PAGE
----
2013 July 8

Not sure what you can make with a t-shirt? Why not up-cycle, rework, or restyle it into a new garment or accessory?

Here’s our Top Ten to inspire you.

Necklace– Jewellery doesn’t have to cost the earth, and by reusing your old t-shirt it’s practically free.Try using different t-shirts to create this great colourful effect.

tshirt neckalce

Bracelet– in keeping with the jewellery theme and not to leave your wrists out. You can buy bracelet and necklace fastenings and beads in bulk very cheaply from markets and haberdasheries, or you could reuse some beads from old jewellery too?

bracelett

 

Turban Head Band– With two strips of t-shirt material and no sewing you can make your own turban headband, it’s too easy not to give this one a go!

headband2 headband

 For a children’s party a fabric flower garland will add colour and make the day even more special.

garland head band

Skirt– Recently, there has been a surge in popularity for re-using garments in different ways such as sweatshirts and cardigans for skirts, thankfully this also works for a summer wardrobe by reusing an old t-shirt. Using contrasting colours or a wide variety of coloured and patterned t-shirts can create a great patch work effect.

t-shirt skit

 Scarf– If you can make a necklace out of a t-shirt you should try the scarf too. These scarves make a great accompaniment to any summer wardrobe. The more adventurous seamstress might even want to go for a ruffled effect.

 

TASSLESruffles

Pom Poms– Whether it’s for cheering at sports games, attaching to clothes or a Christmas decoration pom poms are simple to make and cheer up any outfit, door or house decor

pompom2

pompom

 

Dress– Got an oversized t-shirt on your hands? This can be transformed into an ultra stylish t-shirt dress with just a bit of cutting and sewing. You’ll need some elastic for the fitted style and ruching shown here.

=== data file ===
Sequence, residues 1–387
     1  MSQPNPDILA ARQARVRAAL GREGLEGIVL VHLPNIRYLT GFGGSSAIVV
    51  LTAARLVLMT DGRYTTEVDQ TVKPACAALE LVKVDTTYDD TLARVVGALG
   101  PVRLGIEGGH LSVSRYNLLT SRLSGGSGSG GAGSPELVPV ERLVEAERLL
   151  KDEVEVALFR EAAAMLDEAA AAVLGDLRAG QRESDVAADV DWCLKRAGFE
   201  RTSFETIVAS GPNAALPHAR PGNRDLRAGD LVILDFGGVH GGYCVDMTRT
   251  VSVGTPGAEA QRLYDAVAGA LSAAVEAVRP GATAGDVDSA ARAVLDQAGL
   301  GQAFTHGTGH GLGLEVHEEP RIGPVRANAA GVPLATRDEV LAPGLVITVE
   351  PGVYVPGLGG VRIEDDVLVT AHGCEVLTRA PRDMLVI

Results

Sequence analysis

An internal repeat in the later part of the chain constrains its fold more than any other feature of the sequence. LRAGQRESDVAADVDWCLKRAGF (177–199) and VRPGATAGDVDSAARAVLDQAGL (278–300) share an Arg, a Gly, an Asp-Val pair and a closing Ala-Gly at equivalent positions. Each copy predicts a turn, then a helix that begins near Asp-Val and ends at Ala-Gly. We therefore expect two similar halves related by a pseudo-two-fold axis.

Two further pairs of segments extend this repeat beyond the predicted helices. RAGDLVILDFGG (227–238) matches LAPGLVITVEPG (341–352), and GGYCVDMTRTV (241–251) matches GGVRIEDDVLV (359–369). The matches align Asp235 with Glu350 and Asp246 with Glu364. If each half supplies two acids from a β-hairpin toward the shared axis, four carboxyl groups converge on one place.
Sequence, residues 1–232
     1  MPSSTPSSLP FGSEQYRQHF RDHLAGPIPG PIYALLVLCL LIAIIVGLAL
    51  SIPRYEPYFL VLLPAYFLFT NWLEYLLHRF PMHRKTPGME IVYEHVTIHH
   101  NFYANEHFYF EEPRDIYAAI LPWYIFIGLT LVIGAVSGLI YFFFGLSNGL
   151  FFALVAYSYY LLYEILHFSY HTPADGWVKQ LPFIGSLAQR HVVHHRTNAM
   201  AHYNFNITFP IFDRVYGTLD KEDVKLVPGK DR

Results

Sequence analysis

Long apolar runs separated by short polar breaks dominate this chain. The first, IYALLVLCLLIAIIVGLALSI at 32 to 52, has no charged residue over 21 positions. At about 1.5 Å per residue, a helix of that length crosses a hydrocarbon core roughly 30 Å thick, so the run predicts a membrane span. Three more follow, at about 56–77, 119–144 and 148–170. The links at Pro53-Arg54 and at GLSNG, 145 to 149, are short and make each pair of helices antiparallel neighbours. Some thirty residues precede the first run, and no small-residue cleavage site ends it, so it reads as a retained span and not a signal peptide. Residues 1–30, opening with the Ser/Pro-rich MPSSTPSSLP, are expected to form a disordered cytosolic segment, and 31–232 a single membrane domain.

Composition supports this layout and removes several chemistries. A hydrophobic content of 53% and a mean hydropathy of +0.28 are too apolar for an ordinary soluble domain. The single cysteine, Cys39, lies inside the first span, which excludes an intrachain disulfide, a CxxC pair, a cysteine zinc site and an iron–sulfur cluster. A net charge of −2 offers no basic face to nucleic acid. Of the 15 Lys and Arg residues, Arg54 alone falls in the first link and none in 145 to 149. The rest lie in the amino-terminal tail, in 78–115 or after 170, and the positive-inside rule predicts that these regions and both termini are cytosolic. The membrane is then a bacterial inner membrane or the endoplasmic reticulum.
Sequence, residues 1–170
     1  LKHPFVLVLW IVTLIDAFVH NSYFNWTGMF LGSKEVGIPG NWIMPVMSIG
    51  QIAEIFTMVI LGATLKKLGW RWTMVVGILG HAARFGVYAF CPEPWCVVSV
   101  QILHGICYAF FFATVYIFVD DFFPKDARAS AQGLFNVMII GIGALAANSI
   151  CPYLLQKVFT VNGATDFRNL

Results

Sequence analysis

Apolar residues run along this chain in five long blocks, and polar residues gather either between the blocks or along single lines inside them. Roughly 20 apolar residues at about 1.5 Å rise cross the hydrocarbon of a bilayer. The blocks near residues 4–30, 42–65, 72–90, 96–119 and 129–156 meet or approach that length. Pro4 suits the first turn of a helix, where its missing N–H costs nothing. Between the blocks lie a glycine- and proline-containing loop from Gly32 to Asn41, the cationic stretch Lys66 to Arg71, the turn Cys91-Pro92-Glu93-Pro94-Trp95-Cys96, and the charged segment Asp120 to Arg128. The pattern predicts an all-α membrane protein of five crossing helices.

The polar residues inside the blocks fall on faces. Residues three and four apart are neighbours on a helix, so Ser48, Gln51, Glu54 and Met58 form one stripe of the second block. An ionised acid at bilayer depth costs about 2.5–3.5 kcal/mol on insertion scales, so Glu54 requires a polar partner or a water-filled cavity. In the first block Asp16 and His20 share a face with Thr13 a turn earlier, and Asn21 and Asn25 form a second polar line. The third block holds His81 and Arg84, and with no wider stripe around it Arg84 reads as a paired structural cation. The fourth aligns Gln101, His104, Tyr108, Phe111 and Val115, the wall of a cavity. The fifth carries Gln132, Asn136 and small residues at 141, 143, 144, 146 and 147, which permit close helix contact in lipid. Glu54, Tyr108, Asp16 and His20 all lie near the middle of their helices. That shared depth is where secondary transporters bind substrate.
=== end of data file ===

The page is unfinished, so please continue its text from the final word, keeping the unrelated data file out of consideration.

dress

 

Teddy Bear– Children’s toys can be expensive, why not create your own. If you have a favourite t-shirt or your child has grown out of a t-shirt that could be a great garment to create a teddy with sentimental value.

teddy  bear

 

Bunting– Street party, house party, garden party, or wedding; bunting is a must for any celebration. This looks particularly good with floral or fun print t-shirts, but works just as well with plain colours.  Simply cut into triangles and sew to ribbon, lace or curtain header and you’ll have cheap yet chic party decorations in no time at all.

bunting

 

Tote Bags- Carry your new t-shirts back from the shops in your old t-shirt by making it into a tote bag! Alternatively cut holes into your t-shirt bag for a retro style grocery bag.

t-shirt bag tote bag

You can share your t-shirt craft ideas with us @Poloshirts or be inspired further by our Pinterest Board.


2008 December 15

The latest research by Mintel into clothing sizes reveals that sales of plus-sized men’s clothing have increased by 40% over the past five years.  This growth in XL and above sizes is partly due to spiralling levels of obesity: it’s predicted that nearly a third of men will be obese by 2013 and 90% of all UK adults are expected to be overweight or obese by 2050. The market for men’s clothes sized XL or larger is now worth £1.7 billion, up from £1.2 billion in 2003. The other driver for XL clothing sales is the modern desire to wear loose clothing such as T-shirts that are not tucked in and hoodies that have drooped shoulders and can fit at least two tees underneath.

DEFRA also reveals textiles have become the fastest-growing waste product in the UK. Nearly 74% of the two million tonnes of clothes bought in the UK each year end up in landfills. Meanwhile, the poor quality of the cheap fashion that is sold in cut price stores has destroyed the recycled textile industry. Cheap imported fashion, like t-shirts for a pound, has removed any possibility of selling second-hand tees at charity shops.  And very little of the material that can’t be sold, can’t be recycled either less than 4% of the two million tonnes, around 13% is incinerated and the remainder is either sent abroad or buried in British landfill.

To stop this wasteful behaviour, DEFRA wants us to buy less often, buy better quality and take more care of our clothing. Their suggestions for better clothing behaviour will be revealed in February and are likely to include a focus on buying pure cotton t-shirts, rather than cotton/synthetic blends, for everyday wear and keeping mixed fibres for performance clothing like sportswear; investing in clothing that can be layered: T-shirts under hoodies, sweatshirts under jackets, rather than buying individual garments to be worn alone; and not buying complete holiday wardrobes cheaply that will not be worn again when you return.